unprivileged chroot is only allowed if the calling process is not
already chrooted. This limitation is the same as for creating user
This change may not impact systems relying on other permission models
than POSIX capabilities (e.g. Tomoyo). Being able to use chroot(2) on
such systems may require to update their security policies.
Only the chroot system call is relaxed with this no_new_privs check; the
init_chroot() helper doesn't require such change.
Allowing unprivileged users to use chroot(2) is one of the initial
objectives of no_new_privs:
This patch is a follow-up of a previous one sent by Andy Lutomirski:
Cc: Al Viro <viro at zeniv.linux.org.uk>
Cc: Andy Lutomirski <luto at amacapital.net>
Cc: Christian Brauner <christian.brauner at ubuntu.com>
Cc: Christoph Hellwig <hch at lst.de>
Cc: David Howells <dhowells at redhat.com>
Cc: Dominik Brodowski <linux at dominikbrodowski.net>
Cc: Eric W. Biederman <ebiederm at xmission.com>
Cc: James Morris <jmorris at namei.org>
Cc: John Johansen <john.johansen at canonical.com>
Cc: Kees Cook <keescook at chromium.org>
Cc: Kentaro Takeda <takedakn at nttdata.co.jp>
Cc: Serge Hallyn <serge at hallyn.com>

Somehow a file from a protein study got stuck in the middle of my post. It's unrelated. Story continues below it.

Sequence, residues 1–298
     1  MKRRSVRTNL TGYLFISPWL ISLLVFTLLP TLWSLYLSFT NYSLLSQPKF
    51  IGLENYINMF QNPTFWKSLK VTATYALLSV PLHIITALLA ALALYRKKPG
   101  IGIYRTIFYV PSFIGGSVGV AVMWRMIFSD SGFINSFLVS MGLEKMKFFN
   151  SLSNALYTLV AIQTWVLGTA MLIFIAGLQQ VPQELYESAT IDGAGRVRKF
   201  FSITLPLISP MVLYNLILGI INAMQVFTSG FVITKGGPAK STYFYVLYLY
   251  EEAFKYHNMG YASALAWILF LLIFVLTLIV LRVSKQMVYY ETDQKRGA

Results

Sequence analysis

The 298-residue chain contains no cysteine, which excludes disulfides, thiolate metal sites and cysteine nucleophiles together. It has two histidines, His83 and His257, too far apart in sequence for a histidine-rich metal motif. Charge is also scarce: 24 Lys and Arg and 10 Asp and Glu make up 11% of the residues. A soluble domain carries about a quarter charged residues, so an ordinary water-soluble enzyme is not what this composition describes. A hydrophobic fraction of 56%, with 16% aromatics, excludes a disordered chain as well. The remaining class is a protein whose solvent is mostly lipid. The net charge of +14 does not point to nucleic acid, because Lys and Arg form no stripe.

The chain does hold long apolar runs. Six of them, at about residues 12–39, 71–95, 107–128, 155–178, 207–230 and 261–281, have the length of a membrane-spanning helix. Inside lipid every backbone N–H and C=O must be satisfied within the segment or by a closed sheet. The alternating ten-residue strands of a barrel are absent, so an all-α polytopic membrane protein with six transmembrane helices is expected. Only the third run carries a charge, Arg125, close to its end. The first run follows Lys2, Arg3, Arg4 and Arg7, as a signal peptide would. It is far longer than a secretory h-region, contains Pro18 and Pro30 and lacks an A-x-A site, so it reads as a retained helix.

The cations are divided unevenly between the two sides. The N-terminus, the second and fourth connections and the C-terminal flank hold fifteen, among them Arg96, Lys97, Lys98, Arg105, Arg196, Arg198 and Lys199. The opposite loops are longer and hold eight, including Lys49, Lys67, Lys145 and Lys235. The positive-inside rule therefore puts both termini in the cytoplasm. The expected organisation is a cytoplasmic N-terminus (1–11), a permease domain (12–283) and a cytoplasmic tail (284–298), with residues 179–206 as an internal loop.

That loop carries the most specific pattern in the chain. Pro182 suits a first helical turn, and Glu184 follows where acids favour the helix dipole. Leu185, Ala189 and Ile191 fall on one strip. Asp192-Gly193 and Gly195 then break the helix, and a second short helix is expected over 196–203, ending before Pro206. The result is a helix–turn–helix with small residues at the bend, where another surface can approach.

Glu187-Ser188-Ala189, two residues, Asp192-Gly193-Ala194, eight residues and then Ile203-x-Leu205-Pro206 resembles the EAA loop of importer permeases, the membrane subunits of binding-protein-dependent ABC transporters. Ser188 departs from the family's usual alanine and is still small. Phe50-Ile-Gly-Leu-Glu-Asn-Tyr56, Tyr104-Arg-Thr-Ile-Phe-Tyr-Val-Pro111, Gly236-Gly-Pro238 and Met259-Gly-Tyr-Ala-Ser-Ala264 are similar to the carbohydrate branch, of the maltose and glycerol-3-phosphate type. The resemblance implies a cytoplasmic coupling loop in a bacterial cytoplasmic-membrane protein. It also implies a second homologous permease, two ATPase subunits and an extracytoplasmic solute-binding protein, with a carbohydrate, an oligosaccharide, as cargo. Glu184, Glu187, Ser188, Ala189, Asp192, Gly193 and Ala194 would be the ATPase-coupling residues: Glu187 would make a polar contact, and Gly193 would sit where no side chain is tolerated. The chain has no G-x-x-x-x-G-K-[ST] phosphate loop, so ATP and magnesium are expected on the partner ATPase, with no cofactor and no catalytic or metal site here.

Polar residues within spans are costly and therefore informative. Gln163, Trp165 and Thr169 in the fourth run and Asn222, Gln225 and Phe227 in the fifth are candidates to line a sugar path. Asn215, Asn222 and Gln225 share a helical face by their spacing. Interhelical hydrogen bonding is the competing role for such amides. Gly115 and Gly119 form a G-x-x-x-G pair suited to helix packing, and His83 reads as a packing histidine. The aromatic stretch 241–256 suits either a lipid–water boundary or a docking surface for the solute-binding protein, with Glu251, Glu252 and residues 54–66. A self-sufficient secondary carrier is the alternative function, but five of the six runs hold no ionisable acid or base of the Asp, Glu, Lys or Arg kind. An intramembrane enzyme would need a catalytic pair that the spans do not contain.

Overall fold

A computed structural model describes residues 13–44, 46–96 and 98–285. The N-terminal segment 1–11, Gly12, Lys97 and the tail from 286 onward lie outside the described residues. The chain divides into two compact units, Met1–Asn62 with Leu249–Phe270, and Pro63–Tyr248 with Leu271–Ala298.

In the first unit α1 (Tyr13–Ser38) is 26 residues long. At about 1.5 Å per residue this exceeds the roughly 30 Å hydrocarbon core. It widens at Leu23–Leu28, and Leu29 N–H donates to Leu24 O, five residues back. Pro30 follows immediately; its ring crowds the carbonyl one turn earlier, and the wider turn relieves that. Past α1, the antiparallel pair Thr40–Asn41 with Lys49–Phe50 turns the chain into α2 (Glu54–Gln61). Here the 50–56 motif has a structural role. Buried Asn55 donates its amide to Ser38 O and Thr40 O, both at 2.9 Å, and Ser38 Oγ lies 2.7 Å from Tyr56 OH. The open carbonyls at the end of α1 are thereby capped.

Cc: Tetsuo Handa <penguin-kernel at i-love.sakura.ne.jp>
Signed-off-by: Mickaël Salaün <mic at linux.microsoft.com>
Changes since v3:
* Move the new permission checks to a dedicated helper
current_chroot_allowed() to make the code easier to read and align
with user_path_at(), path_permission() and security_path_chroot()
calls (suggested by Kees Cook).
* Remove now useless included file.
* Extend commit description.
* Rebase on v5.12-rc3 .
Changes since v2:
* Replace path_is_under() check with current_chrooted() to gain the same
protection as create_user_ns() (suggested by Jann Horn). See commit
3151527ee007 ("userns: Don't allow creation if the user is chrooted")
Changes since v1:
* Replace custom is_path_beneath() with existing path_is_under().
fs/open.c | 23 +++++++++++++++++++++--
1 file changed, 21 insertions(+), 2 deletions(-)
diff --git a/fs/open.c b/fs/open.c
index e53af13b5835..da46eb28a3a6 100644
@@ -532,6 +532,24 @@ SYSCALL_DEFINE1(fchdir, unsigned int, fd)
+static inline int current_chroot_allowed(void)
+ * Changing the root directory for the calling task (and its future
+ * children) requires that this task has CAP_SYS_CHROOT in its
+ * namespace, or be running with no_new_privs and not sharing its
+ * fs_struct and not escaping its current root (cf. create_user_ns()).
+ * As for seccomp, checking no_new_privs avoids scenarios where
+ * unprivileged tasks can affect the behavior of privileged children.
+ if (task_no_new_privs(current) && current->fs->users == 1 &&
+ return 0;
+ if (ns_capable(current_user_ns(), CAP_SYS_CHROOT))
+ return 0;
+ return -EPERM;
SYSCALL_DEFINE1(chroot, const char __user *, filename)
struct path path;
@@ -546,9 +564,10 @@ SYSCALL_DEFINE1(chroot, const char __user *, filename)
- error = -EPERM;
- if (!ns_capable(current_user_ns(), CAP_SYS_CHROOT))
+ error = current_chroot_allowed();
+ if (error)
error = security_path_chroot(&path);